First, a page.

MICHAEL: That's really hard to achieve in any kind of a home setup. Well, I'll say I've never developed the audio engineering expertise to achieve that in a home setup.
CRAIG: Yeah, I think that's right. I have friends–I'm sure you do have have–that are serious audiophiles and have really gone to great lengths to set up that type of environment. But I think there still is something about live music. You're not the first person, by the way, to make that comparison even on this show around it being beyond simply listening.
Anyway, no, but the reason I'm wondering is because I've been using Spotify a lot recently to listen to music, and so I'll go to artists. I'll just say, oh, I want to listen to everything by, say, Iron Maiden. That's what I'm doing today. And so I'll listen to all of it, and I've discovered that, for the most part, but with some exceptions – for the most part I don't like live albums, which surprised me.
I do like live music. I do own some live albums that I generally enjoy. But I've found that, by and large, when I'm listening to CDs and I'm trying to figure out what to add to my library to listen to again later, I almost always skip the live ones.
There's something about live music, and I don't know what it is exactly except maybe that it's got none of the presence. There's a certain element in which the music being recorded live, you've got all the crowd noise that, to some degree, detracts from the music itself when you're not there, if that makes any sense.
MICHAEL: I see what you mean. I do listen to a lot of classical music, and pretty much all classical music is recorded live, other than movie scores where the orchestra is in a studio. Mostly it's just mics at an ordinary concert performance, but they tend to be careful to not get the audience sounds into those.
CRAIG: Right. As opposed to Bruce Dickenson yelling, "I can't hear you!"
MICHAEL: Yeah. Yeah, exactly.
CRAIG: That's all right. Anyway, we should move on. Fascinating conversation, as always, but there's another thing that I want to talk to you about today, and it's driven by the series of blog articles that you have been writing for the Cognitect blog at blog.cognitect.com. The title is The New Normal.
CRAIG: A really fascinating series, and it's interesting. When you and I first started to kick around the idea of having you on the show, it wasn't really kicking around. It was more like: We're going to have you on the show. When should we do it?
MICHAEL: Yeah, you kind of grabbed me by the lapels.
CRAIG: Well, it's good stuff, and I really want to share with our audience. But I wanted to say that I think I had been referring to it when I was talking to you and said, "Oh, you should come on the show and talk about microservices since you're writing a microservices blog series." And you were very polite. You didn't correct me.
But having gone back and looked at the series again recently, I think I was extremely mistaken to say that it's about microservices per se. This is just another good reason to have you on today to correct me and to explain about the series and about some of the really interesting things you had to say in there.
I really probably shouldn't put too many words in your mouth. I should really hand it over to you and say, "Hey, man. This series you're writing, share a little bit." I don't think everybody has read it, but I'm sure some people have. But still, in your words, what is it about? What is this idea or set of ideas you're trying to get across?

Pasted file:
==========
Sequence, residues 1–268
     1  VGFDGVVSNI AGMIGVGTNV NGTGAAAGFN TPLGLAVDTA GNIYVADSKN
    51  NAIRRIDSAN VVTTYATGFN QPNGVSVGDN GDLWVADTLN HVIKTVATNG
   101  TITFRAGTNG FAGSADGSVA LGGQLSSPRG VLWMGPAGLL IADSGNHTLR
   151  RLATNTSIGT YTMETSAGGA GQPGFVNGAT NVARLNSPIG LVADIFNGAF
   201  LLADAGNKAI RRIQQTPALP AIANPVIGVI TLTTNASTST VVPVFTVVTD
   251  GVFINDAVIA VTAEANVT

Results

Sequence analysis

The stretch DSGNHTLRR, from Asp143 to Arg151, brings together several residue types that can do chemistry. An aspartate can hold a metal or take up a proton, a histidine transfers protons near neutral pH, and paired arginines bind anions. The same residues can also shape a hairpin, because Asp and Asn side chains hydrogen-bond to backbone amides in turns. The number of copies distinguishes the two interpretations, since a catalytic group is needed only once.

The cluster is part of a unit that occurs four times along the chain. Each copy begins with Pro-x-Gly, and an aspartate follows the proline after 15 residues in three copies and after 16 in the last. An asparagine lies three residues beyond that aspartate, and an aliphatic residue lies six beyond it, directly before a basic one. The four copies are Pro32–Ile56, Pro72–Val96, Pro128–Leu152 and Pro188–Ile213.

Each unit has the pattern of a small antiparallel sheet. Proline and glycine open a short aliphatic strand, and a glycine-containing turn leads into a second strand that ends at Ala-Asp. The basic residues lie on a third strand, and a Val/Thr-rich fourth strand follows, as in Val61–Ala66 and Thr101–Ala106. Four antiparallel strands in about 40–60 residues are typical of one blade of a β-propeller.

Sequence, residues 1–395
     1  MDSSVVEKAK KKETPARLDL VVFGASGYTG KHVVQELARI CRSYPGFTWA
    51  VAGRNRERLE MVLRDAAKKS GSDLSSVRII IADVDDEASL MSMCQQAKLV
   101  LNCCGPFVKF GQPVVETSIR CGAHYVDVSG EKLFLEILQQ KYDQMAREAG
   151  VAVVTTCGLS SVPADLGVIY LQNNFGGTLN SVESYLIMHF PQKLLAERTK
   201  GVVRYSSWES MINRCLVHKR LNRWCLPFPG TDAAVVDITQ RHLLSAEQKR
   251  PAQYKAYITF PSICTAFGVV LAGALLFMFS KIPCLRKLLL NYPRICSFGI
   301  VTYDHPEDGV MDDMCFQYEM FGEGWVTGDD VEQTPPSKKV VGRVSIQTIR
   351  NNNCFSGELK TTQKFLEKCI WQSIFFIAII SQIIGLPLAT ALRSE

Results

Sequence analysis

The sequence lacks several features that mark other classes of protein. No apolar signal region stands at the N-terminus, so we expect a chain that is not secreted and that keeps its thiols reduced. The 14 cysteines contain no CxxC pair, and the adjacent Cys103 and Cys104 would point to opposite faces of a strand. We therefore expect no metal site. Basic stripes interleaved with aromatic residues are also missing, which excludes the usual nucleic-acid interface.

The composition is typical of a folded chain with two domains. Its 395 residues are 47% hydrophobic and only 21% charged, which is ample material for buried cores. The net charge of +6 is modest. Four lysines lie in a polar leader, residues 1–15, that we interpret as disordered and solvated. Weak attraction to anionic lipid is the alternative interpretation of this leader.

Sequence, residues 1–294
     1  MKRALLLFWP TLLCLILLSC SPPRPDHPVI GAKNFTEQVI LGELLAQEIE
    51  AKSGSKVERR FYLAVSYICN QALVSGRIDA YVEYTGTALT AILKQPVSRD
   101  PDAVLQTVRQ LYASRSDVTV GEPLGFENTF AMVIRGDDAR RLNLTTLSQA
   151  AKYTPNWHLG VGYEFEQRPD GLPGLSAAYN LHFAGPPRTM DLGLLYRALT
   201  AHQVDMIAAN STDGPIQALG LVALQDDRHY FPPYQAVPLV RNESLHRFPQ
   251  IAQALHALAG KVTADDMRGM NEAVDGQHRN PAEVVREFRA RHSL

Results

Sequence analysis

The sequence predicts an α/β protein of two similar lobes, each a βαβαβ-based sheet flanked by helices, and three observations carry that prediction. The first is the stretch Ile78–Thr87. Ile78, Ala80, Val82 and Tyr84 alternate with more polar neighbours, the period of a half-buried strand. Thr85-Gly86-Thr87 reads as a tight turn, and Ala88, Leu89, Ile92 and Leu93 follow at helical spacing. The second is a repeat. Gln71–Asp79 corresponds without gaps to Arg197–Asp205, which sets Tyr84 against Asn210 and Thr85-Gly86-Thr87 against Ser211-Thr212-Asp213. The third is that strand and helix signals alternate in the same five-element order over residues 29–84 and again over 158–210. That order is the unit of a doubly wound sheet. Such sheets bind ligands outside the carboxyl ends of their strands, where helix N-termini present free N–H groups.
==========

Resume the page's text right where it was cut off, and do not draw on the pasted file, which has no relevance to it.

MICHAEL: Okay. Well, it's easy to see how you might perceive it as microservices because that's in there. You could also perceive it as being about anti-fragility because that's in there, the economics of software and that's in there. What I'm really trying to do is take a number of different threads of conversation, of change in the industry, and weave them together to synthesize them and show how they support each other and how they should inform what we do in probably the coming decade.
Some of the threads are driven by technology change. New platforms make new architectures feasible that would have been not economically viable in the past. They also come from, I think, an increasing sophistication in our management structures and the processes by which we deliver things. We've talked for a long time about the dissolution of the command and control network, the failure of the hierarchic model, and the emergence of network models in corporations. Well, that network model among the people, it's now possible to match the network model among the people with a network model among the artifacts that the people create.
Kind of weaving those things together and saying, "What does this all mean?" It's taken me a number of posts to sort of lay out the story because this is the kind of thing that people who have been on this journey have just assimilated along the way incrementally. But if you're coming into it from a more traditional IT organization or a more traditional software architecture or structure, it can be really overwhelming. And so people will focus on one aspect and you'll get a mandate from your CTO that says, "We have to rebuild everything as microservices," because they pick up on that salient fact. But the problem is if you do just that in isolation, it will fail. You have to do a bunch of things together, incrementally, one little step at a time.
CRAIG: Yeah. That's actually something that, on rereading the series, I really started to see that theme, I think, which is one that I like a lot, the idea of, well, step back and take a look at the big picture. You have to have a strategy.